If there was one thing Washington State basketball fans could count on the first two years of Ken Bone’s coaching career, it was Reggie Moore and Klay Thompson would be on the court. Together.
Thompson, the shooting guard, averaged nearly 35 minutes a game last season, a little more the year before. And Moore, at the point, was right around 33 minutes in both.
Throw in Marcus Capers at the other wing – he played almost 30 minutes a game last year as a junior – and there was precious little time for the reserves.
But that was so Pac-10.
When the 8-4 Cougars begin Pac-12 play Thursday night in the Spokane Arena, their backcourt will look different, and feature more names.
Moore and Capers are back and both still start. But with Thompson now in the NBA, WSU uses five and sometimes six players extensive minutes in its rotation out front.
“I think it’s a by-committee sort of thing,” Bone said Wednesday. “We have a group of guys who can play the one, two or three spots and give us good depth.”
The depth wasn’t something Bone was sure of heading into nonconference. The third-year coach knew what Moore, Capers and senior Faisal Aden – the team’s leading scorer at 15.3 points a game – could – and couldn’t – do. But transfer Mike Ladd, freshman DaVonté Lacy and redshirt freshman Dexter Kernich-Drew were unknowns.
The came Aden’s concussion – he missed three games – and Ladd’s sprained thumb – five.
“It gave guys like Dexter an opportunity,” Bone said. “We found that in certain situations, we have guys who can step in and help out.”
The Cougars didn’t miss a step, winning their last six games, which covered the time of the injuries. The most visible change was Lacy stepping into the starting lineup for Aden, where he remained when the senior returned, averaging about three more minutes a game. But six guards are all averaging more than 10 minutes a game.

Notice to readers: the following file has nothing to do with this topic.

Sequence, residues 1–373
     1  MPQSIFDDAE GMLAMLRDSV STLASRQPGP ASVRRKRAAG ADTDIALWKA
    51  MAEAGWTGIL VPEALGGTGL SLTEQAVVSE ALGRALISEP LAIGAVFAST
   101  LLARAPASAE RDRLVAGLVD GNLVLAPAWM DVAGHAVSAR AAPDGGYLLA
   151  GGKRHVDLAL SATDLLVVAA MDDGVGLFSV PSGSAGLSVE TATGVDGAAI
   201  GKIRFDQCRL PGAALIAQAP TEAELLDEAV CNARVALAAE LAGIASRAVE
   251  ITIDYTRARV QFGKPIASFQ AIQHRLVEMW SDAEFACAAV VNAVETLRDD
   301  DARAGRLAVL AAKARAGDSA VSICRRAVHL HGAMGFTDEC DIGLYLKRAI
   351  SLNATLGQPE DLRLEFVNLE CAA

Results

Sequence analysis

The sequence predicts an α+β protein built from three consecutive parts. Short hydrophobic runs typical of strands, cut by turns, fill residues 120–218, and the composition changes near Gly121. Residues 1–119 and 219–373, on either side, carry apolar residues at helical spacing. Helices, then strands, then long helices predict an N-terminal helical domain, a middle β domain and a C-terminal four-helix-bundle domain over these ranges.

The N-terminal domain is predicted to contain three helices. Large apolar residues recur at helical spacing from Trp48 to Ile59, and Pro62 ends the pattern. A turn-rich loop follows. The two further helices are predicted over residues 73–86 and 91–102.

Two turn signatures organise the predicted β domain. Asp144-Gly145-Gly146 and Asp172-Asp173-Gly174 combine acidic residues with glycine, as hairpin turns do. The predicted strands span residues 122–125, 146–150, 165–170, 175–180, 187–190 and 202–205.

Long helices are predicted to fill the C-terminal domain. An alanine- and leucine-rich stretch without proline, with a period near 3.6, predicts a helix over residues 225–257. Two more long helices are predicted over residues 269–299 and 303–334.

Which lets Bone do some things differently.
“It allows us to turn the heat up defensively,” he said.
In their six-game winning streak, the Cougars have attacked more in their man-to-man defense. As a result, no one has shot better than Idaho’s 44 percent against them, with three opponents under 27 percent.
Moore, who is still averaging 31 minutes a game and leads the Pac-12 with 5.5 assists each night, sees some other positives in the situation.
“It’s good to know you can have someone come in and not fall off,” he said. “I remember last year and freshman year, me and Klay would be like, ‘We really can’t afford to sit down.’ You can definitely take a break on the bench this year and really get our energy up.”
Which leads to the question, were there times in the past when energy had to be saved?
“To be honest, you have to think about that if you want to perform at your best the last four minutes,” Moore said. “Against tough opponents, you have to be ready for the end of the game.”
Not anymore. There are more options.
“I like the fact there is a lot of parity there, you don’t have a Klay Thompson in the lineup but we’ve got a lot of guys that are interchangeable,” Bone said.
And he’s willing to interchange them.
“It allows us to hold guys accountable,” Bone said, pointing out another positive. “I felt like the first year, the second year, there were times that even when we weren’t doing the right things on the floor, I felt a little bit like we had to keep going with certain kids.
“If one guy is not doing the job, there is a guy sitting next to me who is ready and willing to go out and try to do the job.”